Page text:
Learning with Smart Moves
EIDSVOLD State School has started taking Smart Moves lessons every morning before class.
The program started this year under the guide of Principal Carole Boatwright and Deputy Principal Preston Parter to teach students teamwork and leadership skills.
“I’ve been in another school where we introduced Smart Moves in the morning session first up,” Ms Boatwright said.
“The goal of Smart Moves is we have a 15-minute burst of activity, usually in the form of a game.”
“It gets a bit of adrenaline going, gets the blood circulating, warms their minds and bodies and physically and mentally prepares them for the rest of the day.”
The lessons are for all ages, and the kids do them in mixed age groups.
This allows junior and senior students to work together in activities, and for the students to mentor their peers.
“While we had a distinct primary school and secondary school, and our normal curriculum is delivered in year levels, we wanted to try and build that cohesiveness across P-12 by dividing students into those five groups,” Ms Boatwright said.
“It builds those positive relationships, builds leadership opportunities and peer mentoring opportunities within the older students, and junior students as well.”
Most of the games are non-taxing team games that encourage kids to work together.
For example, they might have to form a circle and compete to get a hula-hoop around the circle without letting go of each others’ hands, requiring them to carefully manoeuvre it through their arms and legs.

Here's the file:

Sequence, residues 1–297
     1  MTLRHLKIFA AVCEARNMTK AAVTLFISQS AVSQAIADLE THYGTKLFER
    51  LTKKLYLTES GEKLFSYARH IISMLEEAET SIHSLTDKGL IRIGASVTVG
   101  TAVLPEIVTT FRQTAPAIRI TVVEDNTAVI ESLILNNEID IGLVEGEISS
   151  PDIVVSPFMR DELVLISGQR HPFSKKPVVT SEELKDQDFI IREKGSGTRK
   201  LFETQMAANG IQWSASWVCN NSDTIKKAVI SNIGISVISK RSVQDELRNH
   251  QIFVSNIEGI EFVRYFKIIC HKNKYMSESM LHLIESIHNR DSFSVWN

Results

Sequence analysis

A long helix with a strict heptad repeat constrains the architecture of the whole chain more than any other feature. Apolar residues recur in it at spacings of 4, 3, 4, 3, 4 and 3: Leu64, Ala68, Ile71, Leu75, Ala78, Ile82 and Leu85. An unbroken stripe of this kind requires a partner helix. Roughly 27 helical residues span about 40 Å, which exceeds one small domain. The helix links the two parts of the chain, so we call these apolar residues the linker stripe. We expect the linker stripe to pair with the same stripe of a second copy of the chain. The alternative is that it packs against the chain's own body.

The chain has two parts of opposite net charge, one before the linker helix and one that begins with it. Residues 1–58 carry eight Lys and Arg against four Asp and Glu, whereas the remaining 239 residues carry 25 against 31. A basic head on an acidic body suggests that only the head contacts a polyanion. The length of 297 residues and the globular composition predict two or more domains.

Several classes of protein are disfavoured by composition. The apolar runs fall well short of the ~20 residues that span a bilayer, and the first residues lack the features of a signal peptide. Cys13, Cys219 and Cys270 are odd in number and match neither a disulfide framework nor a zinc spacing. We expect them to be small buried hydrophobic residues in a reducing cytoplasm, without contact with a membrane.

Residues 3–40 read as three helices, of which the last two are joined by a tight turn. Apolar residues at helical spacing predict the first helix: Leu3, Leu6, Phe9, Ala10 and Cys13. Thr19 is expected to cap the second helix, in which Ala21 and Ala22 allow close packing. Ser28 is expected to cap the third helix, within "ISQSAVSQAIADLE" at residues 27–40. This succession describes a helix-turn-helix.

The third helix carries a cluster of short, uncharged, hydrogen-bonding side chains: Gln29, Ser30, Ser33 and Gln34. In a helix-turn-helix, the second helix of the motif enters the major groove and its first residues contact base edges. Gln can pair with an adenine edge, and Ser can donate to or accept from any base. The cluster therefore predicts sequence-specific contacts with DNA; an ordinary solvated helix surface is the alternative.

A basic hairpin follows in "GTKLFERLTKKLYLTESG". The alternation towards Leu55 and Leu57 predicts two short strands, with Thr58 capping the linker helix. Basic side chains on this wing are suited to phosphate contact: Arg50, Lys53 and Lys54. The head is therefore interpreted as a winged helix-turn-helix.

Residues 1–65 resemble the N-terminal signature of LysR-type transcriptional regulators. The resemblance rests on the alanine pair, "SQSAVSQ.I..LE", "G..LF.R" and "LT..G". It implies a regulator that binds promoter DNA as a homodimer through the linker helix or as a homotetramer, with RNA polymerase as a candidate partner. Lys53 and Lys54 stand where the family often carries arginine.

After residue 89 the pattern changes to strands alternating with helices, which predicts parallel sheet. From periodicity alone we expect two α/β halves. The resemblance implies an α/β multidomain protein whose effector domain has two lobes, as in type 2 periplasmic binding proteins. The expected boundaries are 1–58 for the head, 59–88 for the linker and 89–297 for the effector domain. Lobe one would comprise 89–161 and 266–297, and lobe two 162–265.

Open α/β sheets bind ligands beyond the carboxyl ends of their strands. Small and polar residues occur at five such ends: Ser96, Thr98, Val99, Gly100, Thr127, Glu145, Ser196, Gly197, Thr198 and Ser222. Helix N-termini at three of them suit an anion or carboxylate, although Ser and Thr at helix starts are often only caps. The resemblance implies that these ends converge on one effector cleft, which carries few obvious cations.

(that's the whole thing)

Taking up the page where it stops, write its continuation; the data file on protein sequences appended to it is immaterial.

“We have a rotation of different games for them to engage in,” Ms Boatwright said.
“It’s not just about doing laps; there might be a game where one person is ‘it’ and the rest of the group has to run from one side to the other while avoiding being tagged.
“If they’re tagged, that person has to join hands with them and they have to
It gets a bit of adrenaline going, gets the blood circulating, warms their minds and bodies and physically and mentally prepares them for the rest of the day. — Principal Carole Boatwright
tag somebody else, so you end up with a big line.”
Origins of Smart Moves
The program was first put forth in 2007 by the Queensland Department of Education.
It was originally developed as one of a number of cross-government initiatives that was introduced to tackle childhood obesity and improve children’s health and well-being.
According to the Department of Education, the six components of Smart Moves are:
1. Allocated time for physical activity
2. Improved access to resources for physical activity
3. Increased capacity to deliver physical activity
4. Professional development in physical activity for all teachers
5. Community partnerships to enhance physical activity
6. Accountability for physical activity through annual reporting protocols.
Following the official launch of the program in 2009, the State Government evaluated it in 2011 to determine its success.
The results found that Smart Moves had increased the overall amount of physical activity in schools with 85.1% of surveyed principals saying more than three quarters of students in their school were engaging in the required time for physical activity.
Ms Boatwright said the simple nature of it made it useful for promoting fitness in small schools.
“It’s not hard to set up, so you don’t need to spend the school budget on equipment,” she said.
SMART MOVES: The program introduced this year gets students active before class.
Mr Parter taking Rock and Water lessons.
The students are grouped in a mix of ages so the older children can mentor the younger ones.
One Yunbin group lined up for the hula hoop game.
The teachers get in on the action.